• (a) metal ions coordinated to terpyridine, phosphonic acid [L. Brousseau and T. Mallouk, Anal Chem. 69, 679 (1997)], and carboxylic acid [M. Anderson, et. al. J. Vac. Sci. Technol. B 21, 3116, (2003)] functionalized organic ligands;
    • (b) metal complexes that include one or more pyridine, or isocyanide, ligands [C. Lin, C. R. Kagan, J. Am. Chem. Soc. 125, 336 (2002), M Ansell et. al. Langmuir 16, 1172 (2000), and C. R. Kagan, C. Lin, see U.S. Pat. No. 6,646,285.]; and
    • (c) metal nanoparticles, e.g., gold nanoparticles on thiol functionalized molecules, and iron-platinum particles on polyvinylpyrrolidinone [S. Sun et. al. J. Am. Chem. Soc. 124, 2884 (2002)].

Following the metallization of the attached molecular precursors, the device structure is exposed to known reaction conditions for making nanomaterials, e.g., carbon nanotubes or semiconductor nanowires. The bound metal-containing species provide the necessary catalytic sites for the growth of the nanomaterials as the molecular precursor volatilizes at the elevated temperatures necessary for forming the carbon nanomaterials or semiconductor nanomaterials.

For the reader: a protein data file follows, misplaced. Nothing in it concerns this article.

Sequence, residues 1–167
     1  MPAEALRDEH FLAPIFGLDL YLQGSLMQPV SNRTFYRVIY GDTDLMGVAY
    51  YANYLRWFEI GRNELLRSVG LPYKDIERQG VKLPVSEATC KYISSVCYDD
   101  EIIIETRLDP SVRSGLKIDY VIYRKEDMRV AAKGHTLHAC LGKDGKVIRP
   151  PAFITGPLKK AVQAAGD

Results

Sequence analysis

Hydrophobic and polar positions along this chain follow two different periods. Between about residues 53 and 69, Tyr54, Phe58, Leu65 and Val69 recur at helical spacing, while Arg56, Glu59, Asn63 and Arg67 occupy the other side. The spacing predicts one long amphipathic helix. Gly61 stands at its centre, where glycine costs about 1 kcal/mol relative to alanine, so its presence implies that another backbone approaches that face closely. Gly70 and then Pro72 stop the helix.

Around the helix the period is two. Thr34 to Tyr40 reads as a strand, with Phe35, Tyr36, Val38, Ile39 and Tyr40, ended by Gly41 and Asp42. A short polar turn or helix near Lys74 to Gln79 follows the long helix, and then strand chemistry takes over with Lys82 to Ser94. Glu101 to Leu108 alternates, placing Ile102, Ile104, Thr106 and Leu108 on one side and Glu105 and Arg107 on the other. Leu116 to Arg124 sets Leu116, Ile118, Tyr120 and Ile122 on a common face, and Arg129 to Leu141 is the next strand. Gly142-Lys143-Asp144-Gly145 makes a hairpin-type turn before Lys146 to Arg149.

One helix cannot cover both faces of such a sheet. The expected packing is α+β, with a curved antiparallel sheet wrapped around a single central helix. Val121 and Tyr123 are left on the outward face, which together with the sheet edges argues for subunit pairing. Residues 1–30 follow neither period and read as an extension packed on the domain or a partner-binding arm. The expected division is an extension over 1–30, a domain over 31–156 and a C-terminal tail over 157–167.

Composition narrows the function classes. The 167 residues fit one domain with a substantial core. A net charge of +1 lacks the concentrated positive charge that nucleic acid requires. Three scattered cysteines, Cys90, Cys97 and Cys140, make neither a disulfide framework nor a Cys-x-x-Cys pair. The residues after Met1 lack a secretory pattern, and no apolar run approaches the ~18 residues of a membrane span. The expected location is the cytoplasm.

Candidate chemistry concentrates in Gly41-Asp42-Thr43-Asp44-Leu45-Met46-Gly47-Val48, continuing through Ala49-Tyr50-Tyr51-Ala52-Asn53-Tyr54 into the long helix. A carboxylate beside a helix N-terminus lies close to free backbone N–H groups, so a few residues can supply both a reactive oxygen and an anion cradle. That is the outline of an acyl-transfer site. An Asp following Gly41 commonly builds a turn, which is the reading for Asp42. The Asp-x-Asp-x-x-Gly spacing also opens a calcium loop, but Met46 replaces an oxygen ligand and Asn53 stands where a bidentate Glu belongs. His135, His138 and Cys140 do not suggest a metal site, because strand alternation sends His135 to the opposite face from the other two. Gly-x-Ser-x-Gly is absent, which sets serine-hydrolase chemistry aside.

FIGS. 1( a) to 1(f) is a schematic representation of one embodiment of the process. FIG. 1( a) depicts a field-effect transistor with gate 14, gate dielectric 12, and metal source or drain electrodes 10. The self-assembly of the selected molecular precursors, which are attached to the electrodes by the surface binding groups, is depicted in FIG. 1( b). As shown, the molecular precursor 20 includes a surface binding group (square, 22) that selectively binds to a metal, semiconductor, or dielectric surface. Such surface binding groups include: